In Davis Cup play, I don't think he's had a comeback from behind, pure drama victory yet though. As strong as his Davis Cup record is.

    -Chanchai
     
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  42. yee

    yee Rookie

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    Thanks Chanchai.

    That's the type of post I appreciate. Coming up with good and valid examples (but didn't appreciate that FO e.g vs Chang, we knew how that went)

    I just hope people will READ properly, my point is not saying Andy is not a good fighter, except that I realised he's not as mentally strong and fight equally hard whenever he's not playing on his favourite surface or condition. I feel that Hewitt or Coria are stronger in that sense. That's all.
     
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  43. yee

    yee Rookie

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    Since you mention Davis Cup, for those of you who think Roger's not mentally strong, this guy had played for most of past 2 years in opponents ground needless to say unfavourable condition and won most of his DC matches, both singles and doubles. I don't have to say how much the burden is on Roger each time he plays in DC, he's not only expected to win both his singles but doubles too. This year he had to fly right away after AO to Romania without any rest to play on clay, and again he won them all.

    But then of course people will only remember that match he lost vs Hewitt in last year DC sf. What did he do after that? Bagelled Hewitt 3 times since then.

    I don't think mental strength is only SOLELY to measure from how one can come back from matches, but also how one's able to take the pressures of not playing in favourable condition.
     
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  44. Chanchai

    Chanchai Semi-Pro

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    Totally understand Yee (and agree for the most part -- referring to first post).

    It's just too bad that despite the young career of Coria, he's had to pull out midmatch so many times because of injury (it's amazing he fights as long as he does through the ones he does pull out of) and of course the drug testing issue that had him out for awhile (hence many people wonder last year where the hell he came from).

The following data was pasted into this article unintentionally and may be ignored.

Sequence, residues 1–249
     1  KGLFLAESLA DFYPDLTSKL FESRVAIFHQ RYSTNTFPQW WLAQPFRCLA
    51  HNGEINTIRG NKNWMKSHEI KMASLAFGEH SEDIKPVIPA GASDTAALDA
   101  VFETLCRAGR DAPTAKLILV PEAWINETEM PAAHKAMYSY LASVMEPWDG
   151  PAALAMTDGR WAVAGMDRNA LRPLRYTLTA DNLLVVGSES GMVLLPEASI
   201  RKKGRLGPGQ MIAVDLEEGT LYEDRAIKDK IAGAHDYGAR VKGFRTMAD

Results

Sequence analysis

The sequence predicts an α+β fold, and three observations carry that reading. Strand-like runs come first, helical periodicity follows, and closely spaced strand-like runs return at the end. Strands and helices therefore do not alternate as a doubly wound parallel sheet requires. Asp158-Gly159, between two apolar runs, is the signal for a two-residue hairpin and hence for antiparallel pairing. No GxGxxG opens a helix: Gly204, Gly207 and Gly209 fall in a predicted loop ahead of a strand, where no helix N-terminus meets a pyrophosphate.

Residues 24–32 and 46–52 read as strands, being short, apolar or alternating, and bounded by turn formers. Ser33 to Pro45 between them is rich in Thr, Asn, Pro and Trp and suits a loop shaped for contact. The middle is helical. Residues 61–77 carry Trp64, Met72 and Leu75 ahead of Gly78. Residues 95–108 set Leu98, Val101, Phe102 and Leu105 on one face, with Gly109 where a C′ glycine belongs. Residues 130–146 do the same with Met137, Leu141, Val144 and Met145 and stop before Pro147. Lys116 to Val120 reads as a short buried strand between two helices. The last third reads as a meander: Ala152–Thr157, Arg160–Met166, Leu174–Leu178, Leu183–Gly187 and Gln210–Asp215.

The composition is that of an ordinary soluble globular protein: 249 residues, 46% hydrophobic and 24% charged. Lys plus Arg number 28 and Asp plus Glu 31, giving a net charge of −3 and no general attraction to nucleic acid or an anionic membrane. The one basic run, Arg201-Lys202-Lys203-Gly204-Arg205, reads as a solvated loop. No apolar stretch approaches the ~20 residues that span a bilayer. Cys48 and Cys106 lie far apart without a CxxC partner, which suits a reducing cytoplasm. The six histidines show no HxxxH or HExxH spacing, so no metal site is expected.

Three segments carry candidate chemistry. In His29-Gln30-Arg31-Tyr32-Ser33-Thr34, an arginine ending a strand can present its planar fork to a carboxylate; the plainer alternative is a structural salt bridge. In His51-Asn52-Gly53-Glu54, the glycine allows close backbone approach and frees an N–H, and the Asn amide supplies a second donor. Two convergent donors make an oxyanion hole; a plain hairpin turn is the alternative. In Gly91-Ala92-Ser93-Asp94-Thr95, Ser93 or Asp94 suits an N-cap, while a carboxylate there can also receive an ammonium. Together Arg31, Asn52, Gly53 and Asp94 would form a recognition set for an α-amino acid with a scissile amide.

On the injury notes, and maybe what you were pointing out (maybe not, you left it open on a lot of good levels), yeah... Roddick before 2003... Chang vs. Roddick (which I happened to watch a year before I started seriously playing tennis), Roddick was cramping the final set and eventually won. Of course comparisons to Chang's match against Lendl would be inevitable there and Chang was a sport to offer some advice to Roddick (even if it's general advice most athletes should know, it's good sporting). And it would have been nice to see Chang play further into the RG draw then. BACK TO RODDICK... I remember one of the last times I saw Roddick screaming out in cramps (a subtopic suitable for this thread, since a lot of haters are likely to assume Roddick was faking or at least being ultra whiny for a variety of reasons including gamesmanship--I can see why they'd view it that way obviously)--that was against Lapentti @ TMS Toronto 2002 (R32). Lapentti got so pissed off that after the handshake with Roddick and the Chair Umpire, he couldn't hold it in and gave Roddick a piece of his mind. Despite the screaming demands of the fangirls who had practically gotten onto the court to get Andy's autographs, Andy and Lapentti continued the exchange for awhile as the Chair tried to calm Andy down (couldn't hear anybody trying to calm Nicolas down).